George Orwell: In front of your nose, 1946-1950

Front Cover
David R. Godine Publisher, 2000 - Biography & Autobiography - 555 pages
Considering that much of his life was spent in poverty and ill health, it is something of a miracle that in only forty-six years George Orwell managed to publish ten books and two collections of essays. Here, in four fat volumes, is the best selection of his non-fiction available, a trove of letters, essays, reviews, and journalism that is breathtaking in its scope and eclectic passions. Orwell had something to say about just about everyone and everything. His letters to such luminaries as Julian Symons, Anthony Powell, Arthur Koestler, and Cyril Connolly are poignant and personal. His essays, covering everything from "English Cooking" to "Literature and Totalitarianism," are memorable, and his books reviews (Hitler's Mein Kampf, Mumford's Herman Melville, Miller's Black Spring, Goldsmith's The Vicar of Wakefield to name just a few) are among the most lucid and intelligent ever written. From 1943 to l945, he wrote a regular column for the Tribune, a left wing weekly, entitled "As I Please." His observations about life in Britain during the war embraced everything from anti-American sentiment to the history of domestic appliances.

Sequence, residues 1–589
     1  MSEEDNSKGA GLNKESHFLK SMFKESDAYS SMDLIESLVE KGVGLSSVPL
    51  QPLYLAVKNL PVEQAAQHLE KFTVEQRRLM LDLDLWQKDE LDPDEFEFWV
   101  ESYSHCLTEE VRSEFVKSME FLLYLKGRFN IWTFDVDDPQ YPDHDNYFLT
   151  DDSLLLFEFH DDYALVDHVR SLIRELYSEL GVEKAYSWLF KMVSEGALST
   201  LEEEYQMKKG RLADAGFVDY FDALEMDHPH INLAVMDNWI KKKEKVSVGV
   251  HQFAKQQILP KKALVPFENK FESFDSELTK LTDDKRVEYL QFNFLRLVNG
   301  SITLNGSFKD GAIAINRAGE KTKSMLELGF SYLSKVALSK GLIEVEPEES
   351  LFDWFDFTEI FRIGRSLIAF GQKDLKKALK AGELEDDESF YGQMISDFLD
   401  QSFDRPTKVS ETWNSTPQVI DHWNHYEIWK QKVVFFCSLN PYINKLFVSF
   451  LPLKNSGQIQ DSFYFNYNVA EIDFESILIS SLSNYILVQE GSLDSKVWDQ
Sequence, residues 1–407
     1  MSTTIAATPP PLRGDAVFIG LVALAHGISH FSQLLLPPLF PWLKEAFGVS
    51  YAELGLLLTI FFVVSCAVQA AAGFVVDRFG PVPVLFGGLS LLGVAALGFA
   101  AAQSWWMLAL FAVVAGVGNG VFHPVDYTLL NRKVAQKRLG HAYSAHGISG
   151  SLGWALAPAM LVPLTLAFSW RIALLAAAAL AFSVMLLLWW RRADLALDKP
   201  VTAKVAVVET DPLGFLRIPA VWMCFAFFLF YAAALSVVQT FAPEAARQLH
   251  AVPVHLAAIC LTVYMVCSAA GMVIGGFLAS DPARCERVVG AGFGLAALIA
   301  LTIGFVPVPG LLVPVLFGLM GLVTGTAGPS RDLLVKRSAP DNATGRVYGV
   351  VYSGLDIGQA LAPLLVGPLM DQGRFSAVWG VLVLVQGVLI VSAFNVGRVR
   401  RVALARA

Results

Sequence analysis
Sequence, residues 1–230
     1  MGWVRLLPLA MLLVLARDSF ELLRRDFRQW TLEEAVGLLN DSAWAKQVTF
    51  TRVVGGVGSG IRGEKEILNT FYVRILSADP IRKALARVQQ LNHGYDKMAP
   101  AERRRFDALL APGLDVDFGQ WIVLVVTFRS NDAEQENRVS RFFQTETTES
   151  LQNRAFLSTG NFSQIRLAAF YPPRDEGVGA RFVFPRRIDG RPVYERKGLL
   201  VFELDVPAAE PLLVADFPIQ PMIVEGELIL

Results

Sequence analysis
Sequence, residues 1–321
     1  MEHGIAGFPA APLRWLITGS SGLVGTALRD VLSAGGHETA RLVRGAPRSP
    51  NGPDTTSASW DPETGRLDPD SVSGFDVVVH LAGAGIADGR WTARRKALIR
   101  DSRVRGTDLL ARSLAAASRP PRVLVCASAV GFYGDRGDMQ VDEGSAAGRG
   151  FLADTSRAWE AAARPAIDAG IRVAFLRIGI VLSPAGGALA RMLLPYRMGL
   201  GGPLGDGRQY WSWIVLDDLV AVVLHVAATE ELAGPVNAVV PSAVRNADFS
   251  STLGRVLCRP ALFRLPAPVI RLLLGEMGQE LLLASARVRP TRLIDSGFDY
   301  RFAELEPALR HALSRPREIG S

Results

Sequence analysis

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George Orwell: the collected essays, journalism & letters

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This four-volume set, first published in 1968, covers 30 years of Orwell's nonfiction. Each volume is divided by year and intermixes his correspondence with news stories and discussions on numerous ... Read full review

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Don't hesitate should you see this book, just buy it. You will get more pleasure from it than you will from all but a few books to be found anywhere. The collection includes the "As I Please" articles he wrote weekly for the socialist newspaper Tribune. These are period pieces that reflect a lot of what is English about England, and Orwell himself. The unfolding of Orwell's opinions that reach full flower in '1984' can be watched because the essays are arranged chronologically. The leavening, like "A Nice Cup of Tea", an essay on junk shops, or Woolworths' climbing roses, is mixed in delightfully.  

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About the author (2000)

George Orwell was born Eric Arthur Blair on June 25, 1903 in Motihari in Bengal, India and later studied at Eton College for four years. He was an assistant superintendent with the Indian Imperial Police in Burma. He left that position after five years and moved to Paris, where he wrote his first two books: Burmese Days and Down and Out in Paris and London. He then moved to Spain to write but decided to join the United Workers Marxist Party Militia. After being decidedly opposed to communism, he served in the British Home Guard and with the Indian Service of the BBC during World War II. After the war, he wrote for the Observer and was literary editor for the Tribune. His best known works are Animal Farm and 1984. His other works include A Clergyman's Daughter, Keep the Aspidistra Flying, The Road to Wigan Pier, Homage to Catalonia, and Coming Up for Air. He died on January 21, 1950 at the age of 46.